Just down the hall from my office, hanging on the wall, is a painting of Philippians 4:8: “Whatever is true, noble, right, pure, lovely, admirable, if anything is excellent or praiseworthy, think about such things.” I pass by this painting many times a day, but often I am rushing past. I am trying to get to class or chapel on time, or trying to connect with a student or teacher.
When I do take the time to stop and consider the import of these words, the clean and clear direction of this verse, I find I am drawn specifically to the idea of excellence. It is a broad concept, not easily nailed down for me personally, for the school where I work, or for the students that I serve. Though I believe as well in being noble and in trying to be right and pure, excellence feels more aspirational to me, like something to be pursued no matter what has previously been accomplished.
My understanding of excellence has been formed by the American poet Henry Wadsworth Longfellow, who argued, “in character, in manner, in style, in all things, the supreme excellence is simplicity.” Longfellow reminds me that excellence is not always gained through the most complicated path. And it is not so big a concept, it is not so high a peak that it cannot be scaled. A vision of achieving excellence can be boiled down to just taking a step. The first man to reach the peak of Everest summed it up succinctly, simply if you will, “it is not the mountain we conquer but ourselves.”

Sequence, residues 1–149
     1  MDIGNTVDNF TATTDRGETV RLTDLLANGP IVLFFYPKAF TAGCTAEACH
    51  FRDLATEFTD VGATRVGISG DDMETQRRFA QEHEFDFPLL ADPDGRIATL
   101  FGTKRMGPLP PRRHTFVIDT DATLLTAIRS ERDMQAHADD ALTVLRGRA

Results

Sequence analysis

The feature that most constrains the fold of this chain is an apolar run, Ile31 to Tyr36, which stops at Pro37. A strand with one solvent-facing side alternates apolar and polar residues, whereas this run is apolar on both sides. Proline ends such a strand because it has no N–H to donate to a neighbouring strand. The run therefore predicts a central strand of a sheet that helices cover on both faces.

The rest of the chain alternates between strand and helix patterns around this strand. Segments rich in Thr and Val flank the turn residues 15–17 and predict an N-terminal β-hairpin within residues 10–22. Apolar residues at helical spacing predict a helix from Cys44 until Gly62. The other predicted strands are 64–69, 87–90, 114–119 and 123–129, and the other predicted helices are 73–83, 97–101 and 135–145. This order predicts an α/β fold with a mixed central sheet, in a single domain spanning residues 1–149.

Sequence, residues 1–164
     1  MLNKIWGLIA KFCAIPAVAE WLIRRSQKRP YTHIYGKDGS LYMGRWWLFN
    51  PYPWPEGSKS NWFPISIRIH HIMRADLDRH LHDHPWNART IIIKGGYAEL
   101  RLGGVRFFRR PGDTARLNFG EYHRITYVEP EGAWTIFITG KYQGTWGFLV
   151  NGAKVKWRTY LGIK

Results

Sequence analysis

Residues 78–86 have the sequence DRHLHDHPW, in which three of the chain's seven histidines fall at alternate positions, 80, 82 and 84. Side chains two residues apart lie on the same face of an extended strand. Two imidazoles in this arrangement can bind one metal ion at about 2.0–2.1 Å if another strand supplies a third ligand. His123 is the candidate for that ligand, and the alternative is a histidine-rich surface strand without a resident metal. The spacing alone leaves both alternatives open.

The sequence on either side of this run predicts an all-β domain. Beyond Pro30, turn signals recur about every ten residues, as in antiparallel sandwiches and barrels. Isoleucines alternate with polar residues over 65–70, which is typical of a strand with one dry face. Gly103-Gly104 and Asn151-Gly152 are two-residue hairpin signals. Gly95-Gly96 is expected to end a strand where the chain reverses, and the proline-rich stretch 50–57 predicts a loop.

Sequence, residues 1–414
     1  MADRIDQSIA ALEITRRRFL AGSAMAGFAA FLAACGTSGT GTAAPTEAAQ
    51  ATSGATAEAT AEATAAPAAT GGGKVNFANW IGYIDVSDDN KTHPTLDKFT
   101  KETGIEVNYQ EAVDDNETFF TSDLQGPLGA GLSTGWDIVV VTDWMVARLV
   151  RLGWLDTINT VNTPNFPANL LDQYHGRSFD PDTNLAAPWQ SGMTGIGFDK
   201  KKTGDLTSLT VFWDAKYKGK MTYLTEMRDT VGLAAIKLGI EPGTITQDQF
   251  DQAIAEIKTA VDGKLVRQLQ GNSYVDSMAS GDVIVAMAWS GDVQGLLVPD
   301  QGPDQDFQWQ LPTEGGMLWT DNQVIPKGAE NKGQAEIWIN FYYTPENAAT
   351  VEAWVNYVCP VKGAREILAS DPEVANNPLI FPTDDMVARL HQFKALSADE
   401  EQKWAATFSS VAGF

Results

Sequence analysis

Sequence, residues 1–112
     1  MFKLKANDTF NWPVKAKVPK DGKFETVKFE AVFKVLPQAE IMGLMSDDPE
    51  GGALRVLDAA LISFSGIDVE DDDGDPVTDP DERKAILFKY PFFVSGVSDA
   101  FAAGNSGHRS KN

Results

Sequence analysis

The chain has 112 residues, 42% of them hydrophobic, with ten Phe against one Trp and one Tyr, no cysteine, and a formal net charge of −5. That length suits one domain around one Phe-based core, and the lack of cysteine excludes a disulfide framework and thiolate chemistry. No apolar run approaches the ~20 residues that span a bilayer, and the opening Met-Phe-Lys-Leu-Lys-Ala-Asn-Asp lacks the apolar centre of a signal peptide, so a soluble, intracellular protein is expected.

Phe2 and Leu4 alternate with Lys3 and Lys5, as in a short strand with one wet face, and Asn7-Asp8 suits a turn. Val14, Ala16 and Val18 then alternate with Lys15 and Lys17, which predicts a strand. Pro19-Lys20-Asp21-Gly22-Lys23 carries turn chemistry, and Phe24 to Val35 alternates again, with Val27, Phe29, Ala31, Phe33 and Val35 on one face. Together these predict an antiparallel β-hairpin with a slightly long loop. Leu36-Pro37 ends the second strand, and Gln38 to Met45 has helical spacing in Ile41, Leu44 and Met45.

A school of excellence can be one where our constituents choose love over hate. It can be one where our constituents choose effort over passivity. It can be one where our constituents choose relationship over isolation. It can be one where our constituents choose joy over discord. These things are simple, because they are represented by a smile, by an understanding word, by an act of comfort, by a few more minutes spent on a problem, by celebrating our successes, both individually and collectively.
In that sense, the pursuit of excellence (and for that matter - nobility, purity, beauty, love and all) is in fact not impossible or daunting beyond what we conceive. We just need to conceive of it as movement, we have to see it in a kinetic way. The real simplicity is in courage, in the strength of our character to choose to pursue excellence in the face of adversity, in the face of the possibility of failure or judgment, by simply taking a step in the right direction. And if we do fail, to regroup and take the first step again.